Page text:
I was also much taken with the upper deck Thalassa Bar, a great attempt to recreate a classic Greek taverna on a terrace overlooking the twin pools. Complete with white painted tables and chairs with basket weave coverings, it was a joy to just sit here, sipping on ice cold ouzo as the ship slipped smartly between a series of sun kissed islands, sprinkled across a glittering seascape.

My refurbished Junior Suite on Seven Deck combined both space and grace. With shaded windows overlooking the Promenade Deck, it was easily big enough for twin beds, ample storage space, a full bathroom, a table, and full length sofa that could easily convert to another bed. I loved this room, both for its comfort and accessibility to every part of the ship. It’s always worth remembering that, although the Celestyal Olympia is a big enough ship for these short cruises, she is relatively small compared to today’s giant new vessels.

Eighties elegance at sea; the Celestyal Olympia sets sail from Piraeus for the Aegean

As such, she represents the design ethos of the early 1980’s. With cabins mainly in the forward part of the vessel and stacked more or less in layers, the aft part of the ship contains most of the public rooms and lounges. It makes the Celestyal Olympia a very easy ship to navigate, even for those new to the cruising life.

Although the ship can accommodate around 1400 passengers, just over eight hundred actually came on board for this cruise; one of the last of the season out of Piraeus. So the ship seemed very spacious and, throughout four days, there were no real queues for anything. Both embarkation and disembarkation took mere minutes.

I had sailed on this ship before as the Thomson Destiny back in 2007, but I have to say that the food overall was of far better quality this time around. The main dining room- the Aegean Restaurant- was open sitting; it’s a loud, bubbly chamber where most passengers dine at night. But there was also a small, speciality option called the Galileo, just off the main restaurant entrance.

This is quieter, more subdued, and offered a few tables for two. It also featured a small, extra charge menu that included some memorable surf and turf, as well as fillet steak collections. With the more intimate surroundings and hushed tone here, this venue makes for a wonderful treat for a special occasion. And the service was first rate, too.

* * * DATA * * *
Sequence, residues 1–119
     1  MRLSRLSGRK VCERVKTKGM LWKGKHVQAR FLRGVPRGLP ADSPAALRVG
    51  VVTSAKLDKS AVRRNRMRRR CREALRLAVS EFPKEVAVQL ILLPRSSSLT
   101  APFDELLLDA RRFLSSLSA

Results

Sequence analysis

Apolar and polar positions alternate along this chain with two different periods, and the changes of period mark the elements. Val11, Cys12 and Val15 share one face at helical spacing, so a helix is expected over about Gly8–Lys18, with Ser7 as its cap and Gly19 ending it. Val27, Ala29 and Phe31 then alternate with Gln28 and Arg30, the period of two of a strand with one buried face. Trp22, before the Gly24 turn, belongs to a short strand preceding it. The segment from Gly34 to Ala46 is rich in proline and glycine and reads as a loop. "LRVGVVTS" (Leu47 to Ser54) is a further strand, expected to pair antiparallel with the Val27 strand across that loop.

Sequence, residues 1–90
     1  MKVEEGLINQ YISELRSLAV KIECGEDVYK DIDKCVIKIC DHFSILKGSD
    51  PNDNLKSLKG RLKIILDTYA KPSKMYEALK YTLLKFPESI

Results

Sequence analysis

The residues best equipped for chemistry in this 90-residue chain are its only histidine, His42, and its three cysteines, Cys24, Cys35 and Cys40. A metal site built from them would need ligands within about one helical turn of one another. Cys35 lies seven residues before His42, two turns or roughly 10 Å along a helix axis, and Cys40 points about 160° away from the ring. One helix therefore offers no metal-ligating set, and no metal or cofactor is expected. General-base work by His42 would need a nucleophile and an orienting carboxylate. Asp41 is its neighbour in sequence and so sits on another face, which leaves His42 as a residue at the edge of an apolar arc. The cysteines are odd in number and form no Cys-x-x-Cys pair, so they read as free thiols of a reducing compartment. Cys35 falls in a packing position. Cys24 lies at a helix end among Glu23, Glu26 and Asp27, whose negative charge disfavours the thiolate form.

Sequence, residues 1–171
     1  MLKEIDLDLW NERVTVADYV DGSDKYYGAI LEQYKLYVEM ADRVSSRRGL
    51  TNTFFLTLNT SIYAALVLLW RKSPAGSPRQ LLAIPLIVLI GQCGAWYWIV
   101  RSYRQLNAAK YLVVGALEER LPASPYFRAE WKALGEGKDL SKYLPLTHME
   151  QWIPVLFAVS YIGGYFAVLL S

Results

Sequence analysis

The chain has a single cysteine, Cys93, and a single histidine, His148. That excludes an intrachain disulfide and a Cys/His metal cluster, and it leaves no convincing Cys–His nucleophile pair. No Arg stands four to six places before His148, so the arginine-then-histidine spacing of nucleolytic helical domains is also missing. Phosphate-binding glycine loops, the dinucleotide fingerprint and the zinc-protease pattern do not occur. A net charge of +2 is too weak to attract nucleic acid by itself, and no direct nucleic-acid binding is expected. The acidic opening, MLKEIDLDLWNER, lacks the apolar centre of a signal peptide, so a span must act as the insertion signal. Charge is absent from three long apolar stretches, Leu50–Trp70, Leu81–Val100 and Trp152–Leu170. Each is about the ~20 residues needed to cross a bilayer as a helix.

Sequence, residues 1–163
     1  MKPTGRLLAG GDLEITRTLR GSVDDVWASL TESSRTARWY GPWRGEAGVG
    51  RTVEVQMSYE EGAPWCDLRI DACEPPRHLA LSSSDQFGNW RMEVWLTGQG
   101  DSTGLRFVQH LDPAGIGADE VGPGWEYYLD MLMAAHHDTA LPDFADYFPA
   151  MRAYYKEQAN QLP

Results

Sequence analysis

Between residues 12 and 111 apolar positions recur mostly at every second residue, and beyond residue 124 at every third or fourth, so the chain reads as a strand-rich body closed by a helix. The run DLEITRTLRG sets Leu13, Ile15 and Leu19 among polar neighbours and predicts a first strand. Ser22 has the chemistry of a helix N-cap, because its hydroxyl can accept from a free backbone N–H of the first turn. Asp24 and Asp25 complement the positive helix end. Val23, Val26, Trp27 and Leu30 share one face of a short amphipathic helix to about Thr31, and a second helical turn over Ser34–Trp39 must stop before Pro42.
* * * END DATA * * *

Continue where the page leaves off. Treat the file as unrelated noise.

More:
Up top, the Lido Buffet had also improved a lot from my previous cruise, from breakfast right through to dinner. Passengers in general do not dress up for dinner at night on these short trips- it’s not that kind of cruise experience. But it was, undeniably, a little piece of ‘Greece afloat’ and, in that respect, a far more authentic taste of these islands than many of the mega ships could offer.

Looking aft from inside the upper level Viking Crown

Similarly, the entertainment was more low key, but much more in keeping with the region through which we sailed. It was wonderful to hear real, live bouzouki music played on board during our short spells at sea during the day. The typical Greek dancing ensued at night, and always attracted a good, energetic crowd. There was also a casino and a late night disco in the large, aft facing Selene Lounge. But for me, those guitarists in the Argo Bar won out every night.

So, that’s a short overview of how I spent four nights on the Celestyal Olympia. I found her to be a charming, captivating travel companion at all hours of the day and night. As well as the bars. pools and dining venues on board there was also a small shopping centre (though Celestyal really needs to have more of its own, branded products available for sale such as polo shirts, caps, etc), a spa, an internet cafe, and even a library, as well as laundry services available to all passengers.

The Celestyal Olympia is big enough to feel spacious and accommodating, and to allow enough choice on board without being overwhelmed. At the same time, she is also intimate and accessible, with everything to hand. And now, with all shore excursions folded into the on board fare, plus drinks and speciality coffees, the value to be found in board is very hard to beat.